Around the District

Around the District with Dr. Kelley

Confident and Persistent - Jan. 15, 2018

Confident and persistent achiever.  

Those are the words we use to describe the achievement we envision for every Oak Park District 97 student, without exception. It is one of the aspirational goals we have promised our students, families and community. (To read our full Vision97 4ALL plan, please visit http://www.op97.org/about/vision.)  

During the community engagement sessions we held two years ago to co-create our district’s vision, many stakeholders–educators, parents and guardians, community members and students–contended that our students experience the district differently. Two examples they mentioned were inequities in student outcomes based on achievement data, and access to and participation in gifted classes.

So how does our school community turn these words–confident and persistent achiever–into a reality for every student? How do we give all students access to challenging, engaging instruction that reflects students’ prior knowledge, learning styles and cultural backgrounds?  

In the current selection of D97’s book club (@D97BookClub), author Zaretta L. Hammond addresses these topics. The first chapter of her book, “Culturally Responsive Teaching and the Brain: Promoting Authentic Engagement and Rigor Among Culturally and Linguistically Diverse Students,” discusses inequities in student outcomes based on achievement data and the low performance of many poor students, English learners and students of color.

In that chapter, “Climbing Out of the Gap,” Hammond distinguishes between dependent learners and independent learners. She links achievement inequities to certain students’ tendencies to be “dependent learners” who do not get the support that fuels their cognitive growth.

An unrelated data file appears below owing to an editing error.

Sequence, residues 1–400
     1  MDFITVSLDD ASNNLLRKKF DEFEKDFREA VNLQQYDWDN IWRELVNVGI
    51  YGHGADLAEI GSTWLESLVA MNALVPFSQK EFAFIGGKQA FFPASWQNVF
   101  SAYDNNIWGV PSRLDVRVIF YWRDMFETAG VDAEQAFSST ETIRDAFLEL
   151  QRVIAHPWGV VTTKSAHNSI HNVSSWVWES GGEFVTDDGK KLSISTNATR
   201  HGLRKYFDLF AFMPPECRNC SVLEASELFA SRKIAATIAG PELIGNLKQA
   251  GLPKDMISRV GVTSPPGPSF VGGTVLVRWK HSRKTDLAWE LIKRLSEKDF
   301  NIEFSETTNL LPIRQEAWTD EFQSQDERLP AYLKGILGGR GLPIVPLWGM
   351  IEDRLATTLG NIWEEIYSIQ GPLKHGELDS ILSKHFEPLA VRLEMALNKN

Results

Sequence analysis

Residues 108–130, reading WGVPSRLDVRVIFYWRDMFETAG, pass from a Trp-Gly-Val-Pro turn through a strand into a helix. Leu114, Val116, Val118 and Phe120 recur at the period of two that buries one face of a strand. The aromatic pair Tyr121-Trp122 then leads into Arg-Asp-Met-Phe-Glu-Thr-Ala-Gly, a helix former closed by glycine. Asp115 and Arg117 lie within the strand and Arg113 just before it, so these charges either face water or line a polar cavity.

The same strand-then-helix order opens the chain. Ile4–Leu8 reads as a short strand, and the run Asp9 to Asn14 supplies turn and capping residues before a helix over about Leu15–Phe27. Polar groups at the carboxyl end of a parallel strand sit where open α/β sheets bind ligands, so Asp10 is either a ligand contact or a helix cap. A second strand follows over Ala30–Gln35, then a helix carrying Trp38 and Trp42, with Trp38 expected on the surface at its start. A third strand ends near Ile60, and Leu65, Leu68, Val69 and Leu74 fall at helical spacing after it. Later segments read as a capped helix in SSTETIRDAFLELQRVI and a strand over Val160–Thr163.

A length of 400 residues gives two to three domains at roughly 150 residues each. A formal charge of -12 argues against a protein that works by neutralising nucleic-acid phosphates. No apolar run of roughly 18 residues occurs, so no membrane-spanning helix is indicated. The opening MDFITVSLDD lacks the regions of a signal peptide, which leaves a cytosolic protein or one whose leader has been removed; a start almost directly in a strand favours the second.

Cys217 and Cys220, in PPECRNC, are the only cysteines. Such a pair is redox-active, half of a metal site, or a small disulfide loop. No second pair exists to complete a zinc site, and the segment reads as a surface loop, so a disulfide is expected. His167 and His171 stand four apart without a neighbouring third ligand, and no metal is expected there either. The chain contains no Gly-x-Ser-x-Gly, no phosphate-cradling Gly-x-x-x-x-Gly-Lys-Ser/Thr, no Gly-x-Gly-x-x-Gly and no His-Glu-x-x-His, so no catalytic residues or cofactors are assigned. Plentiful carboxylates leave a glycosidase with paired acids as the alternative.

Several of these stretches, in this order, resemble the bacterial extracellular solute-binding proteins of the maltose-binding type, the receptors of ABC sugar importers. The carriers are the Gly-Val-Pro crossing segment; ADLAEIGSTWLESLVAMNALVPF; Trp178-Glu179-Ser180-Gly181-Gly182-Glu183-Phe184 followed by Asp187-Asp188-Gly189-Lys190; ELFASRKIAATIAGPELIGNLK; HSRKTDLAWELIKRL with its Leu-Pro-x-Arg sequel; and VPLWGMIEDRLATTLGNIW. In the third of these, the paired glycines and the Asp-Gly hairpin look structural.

“They struggle because we don’t offer them sufficient opportunities in the classroom to develop the cognitive skills and habits of mind that would prepare them to take on more advanced academic tasks.” (Jackson, 2011; Boykin and Noguera, 2011)

What do you think? Given the evidence that our students experience D97 differently–that outcomes based on achievement data are unequal–we must ask ourselves: Are we providing opportunities for students to learn in powerful ways that facilitate their cognitive growth? Are we helping them to become independent learners who are beginning to master complex thinking?

Please join me as we address these questions and more at our community chat on Saturday, Jan. 20, from 10 a.m. to 11:30 a.m. at the Oak Park Conservatory, 615 Garfield St. In addition to exploring Hammond’s “Climbing Out of the Gap” chapter, we will discuss how our district’s vision plan supports every student to be a confident and persistent achiever.

On hand for the chat will be Eboney Lofton, senior director of special services, and members of the Special Education Department. They will share our plans for using co-teaching as an inclusive model to help develop the cognitive skills and habits of mind of our students with disabilities.

I look forward to seeing you on Jan. 20. If you are unable to join us, please stay engaged via the D97 Book Club page on Twitter: http://twitter.com/D97BookClub. I also invite you to participate by purchasing or borrowing a copy of Hammond’s book from your local bookstore or public library.

Dr. Carol Kelley

Superintendent